To improve your finances in 2015, start with a budget

This was originally published on Monday, January 5, 2015, in the Pacific Daily News. Click here to subscribe to the PDN.

Question: My New Year’s resolution is to improve my finances this year, but I just don’t know where to start. I feel overwhelmed and frustrated. Do you have any ideas that can help?

Answer: There is a lot to consider when you are planning your personal finances. The new year is always a great time to start making changes. Take advantage of the New Year’s tradition of making resolutions. Many make resolutions to lose weight, stop smoking or to go back to school. Resolutions aren’t only for personal physical changes, but also can be made for your personal finances. After all, resolutions are goals.

Before you make any goals, you need to know where you stand. Research your past spending trends and create a budget. A budget is a spending plan that will help you meet your goals. Start by calculating your monthly income. Your income should include your wages, tips, child support, alimony and any other money that you expect to receive.

Next, determine your monthly expenses. Expenses are usually broken down into fixed or variable expenses.

Fixed expenses are those that do not change and remain the same. Such as rent/mortgage, insurance (car, home, health), loans (student, car, personal) and some utilities. Some of your fixed expenses may be paid bimonthly, quarterly, biannual or even annually. These include income taxes, car registration or real estate taxes. Although you do not pay these monthly, you still need to include them into your monthly budget. Take the yearly total of the expense and divide it by 12. This will be the average monthly expense.

Your variable expenses occur regularly but fluctuate month to month. Variable expenses include utilities, food, gas, clothing, entertainment and hobbies. Because they vary, estimate their yearly total from last year and divide it by 12. The more expenses you list, the more accurate your budget will be.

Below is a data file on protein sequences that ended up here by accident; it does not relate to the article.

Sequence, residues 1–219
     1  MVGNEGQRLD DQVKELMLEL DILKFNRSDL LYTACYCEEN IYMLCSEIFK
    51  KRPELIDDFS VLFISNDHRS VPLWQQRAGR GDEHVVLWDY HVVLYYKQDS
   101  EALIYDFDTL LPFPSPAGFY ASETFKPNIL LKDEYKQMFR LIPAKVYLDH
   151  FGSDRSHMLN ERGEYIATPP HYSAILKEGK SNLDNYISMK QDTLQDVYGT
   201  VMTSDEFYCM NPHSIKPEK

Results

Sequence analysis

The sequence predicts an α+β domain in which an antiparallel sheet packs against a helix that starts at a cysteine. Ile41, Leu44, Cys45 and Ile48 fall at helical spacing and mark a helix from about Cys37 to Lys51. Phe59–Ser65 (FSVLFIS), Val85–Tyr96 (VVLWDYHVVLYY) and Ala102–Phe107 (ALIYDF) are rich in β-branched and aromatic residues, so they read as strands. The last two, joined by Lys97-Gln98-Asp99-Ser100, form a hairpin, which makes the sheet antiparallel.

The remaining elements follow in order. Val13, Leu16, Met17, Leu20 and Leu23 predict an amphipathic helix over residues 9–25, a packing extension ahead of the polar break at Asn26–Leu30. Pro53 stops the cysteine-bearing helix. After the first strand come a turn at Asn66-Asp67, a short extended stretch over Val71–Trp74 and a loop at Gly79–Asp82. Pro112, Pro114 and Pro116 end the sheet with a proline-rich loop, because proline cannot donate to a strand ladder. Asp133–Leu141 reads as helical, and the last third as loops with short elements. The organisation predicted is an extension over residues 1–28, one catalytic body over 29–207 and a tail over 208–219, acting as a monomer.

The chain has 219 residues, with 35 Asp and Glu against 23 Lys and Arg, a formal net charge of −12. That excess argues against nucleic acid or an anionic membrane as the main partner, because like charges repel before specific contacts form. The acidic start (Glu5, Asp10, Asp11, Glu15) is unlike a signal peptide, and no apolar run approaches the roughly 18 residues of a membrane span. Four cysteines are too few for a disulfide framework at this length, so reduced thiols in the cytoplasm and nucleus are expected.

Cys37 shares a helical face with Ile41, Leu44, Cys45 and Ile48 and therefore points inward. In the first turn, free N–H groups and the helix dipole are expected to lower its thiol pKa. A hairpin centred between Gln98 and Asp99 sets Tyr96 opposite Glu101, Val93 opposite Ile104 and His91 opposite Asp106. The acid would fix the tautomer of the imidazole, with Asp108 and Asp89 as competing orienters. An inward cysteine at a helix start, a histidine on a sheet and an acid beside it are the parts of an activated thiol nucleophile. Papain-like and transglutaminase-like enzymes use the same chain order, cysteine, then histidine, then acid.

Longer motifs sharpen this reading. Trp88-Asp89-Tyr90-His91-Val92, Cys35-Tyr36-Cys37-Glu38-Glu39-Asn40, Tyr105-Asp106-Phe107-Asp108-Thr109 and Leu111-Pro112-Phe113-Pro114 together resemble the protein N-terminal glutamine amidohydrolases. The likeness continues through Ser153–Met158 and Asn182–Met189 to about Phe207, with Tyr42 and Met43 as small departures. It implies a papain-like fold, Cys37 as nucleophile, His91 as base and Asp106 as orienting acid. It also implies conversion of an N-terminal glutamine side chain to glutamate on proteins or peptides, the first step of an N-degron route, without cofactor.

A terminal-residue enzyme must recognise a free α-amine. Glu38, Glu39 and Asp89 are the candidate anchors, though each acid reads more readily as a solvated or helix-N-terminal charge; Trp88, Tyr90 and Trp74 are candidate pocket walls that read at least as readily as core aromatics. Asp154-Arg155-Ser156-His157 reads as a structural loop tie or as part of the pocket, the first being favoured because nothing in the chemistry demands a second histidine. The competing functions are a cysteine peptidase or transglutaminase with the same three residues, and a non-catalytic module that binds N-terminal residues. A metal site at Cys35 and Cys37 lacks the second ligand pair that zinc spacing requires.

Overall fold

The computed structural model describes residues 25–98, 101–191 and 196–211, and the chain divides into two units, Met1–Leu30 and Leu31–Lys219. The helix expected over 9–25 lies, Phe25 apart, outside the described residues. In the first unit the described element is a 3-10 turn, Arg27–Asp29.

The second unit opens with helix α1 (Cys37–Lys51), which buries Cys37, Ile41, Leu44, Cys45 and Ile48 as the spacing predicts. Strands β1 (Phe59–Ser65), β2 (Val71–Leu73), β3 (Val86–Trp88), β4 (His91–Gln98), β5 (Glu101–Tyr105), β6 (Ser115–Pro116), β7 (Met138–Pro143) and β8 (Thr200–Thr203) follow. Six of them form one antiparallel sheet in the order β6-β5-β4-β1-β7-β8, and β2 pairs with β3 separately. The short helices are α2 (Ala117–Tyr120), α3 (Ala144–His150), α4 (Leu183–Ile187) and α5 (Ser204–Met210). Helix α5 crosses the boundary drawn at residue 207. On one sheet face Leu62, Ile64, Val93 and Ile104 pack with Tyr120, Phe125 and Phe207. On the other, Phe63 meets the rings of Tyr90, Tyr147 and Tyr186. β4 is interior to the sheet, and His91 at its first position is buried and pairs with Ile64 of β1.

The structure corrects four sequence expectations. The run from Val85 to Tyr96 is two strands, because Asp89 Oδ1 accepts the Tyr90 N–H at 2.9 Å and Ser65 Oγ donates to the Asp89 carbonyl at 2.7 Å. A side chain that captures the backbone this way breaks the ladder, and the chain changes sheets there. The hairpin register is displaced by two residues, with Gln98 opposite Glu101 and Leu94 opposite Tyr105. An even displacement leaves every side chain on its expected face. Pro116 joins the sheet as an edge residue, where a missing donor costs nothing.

Take the total of your expenses and subtract it from your income. The total will either be a surplus or deficit. Does this number accurately portray what you are left with at the end of the month? If it doesn’t, you will need to go back and review your budget until it truly reflects your monthly spending. If there is some money left over, you can use it to pay down debt, contribute it to a retirement or emergency fund, or just simply save it. If your budget breaks even or is negative, review where you can cut back on an expense.

It is important to be honest when creating your budget; it is the only way you know where improvement is needed.

People are shocked to see that it is the little expenses that add up. Many people have no idea how much they spend on eating out for lunch every day until they multiply the cost of a lunch by five (work days), then multiply that by four (weeks in a month). They then quickly see that it adds up. The same goes for your daily coffee, soda, bottled water or cigarettes.

The spending plan you created can also be used to predict different outcomes.

Try recalculating your budget by cutting back in areas that really are not needed or increase your income from the raise you are expecting.

Use these projected budgets to help you decide what areas you want to improve and what financial goals you want to achieve.

Michael Camacho is president and chief executive officer of Personal Finance Center. He has more than 20 years of experience in retail banking and at financial institutions in Guam and Hawaii. If there is a topic you’d like Michael to cover, please email him at and read past columns at the Money Matters blog at


Preparing your finances for home ownership

So far, Money Matters topics have been determined by conversations I’ve had with clients, current events or simply what is going on in my life. My wife and I recently completed construction on our new home and closed a mortgage on it, so I’d like to share some insights into the process and tips on assisting you with owning a home. July will be dedicated to preparing for owning a home. If there is a topic you’d like me to cover, please email me at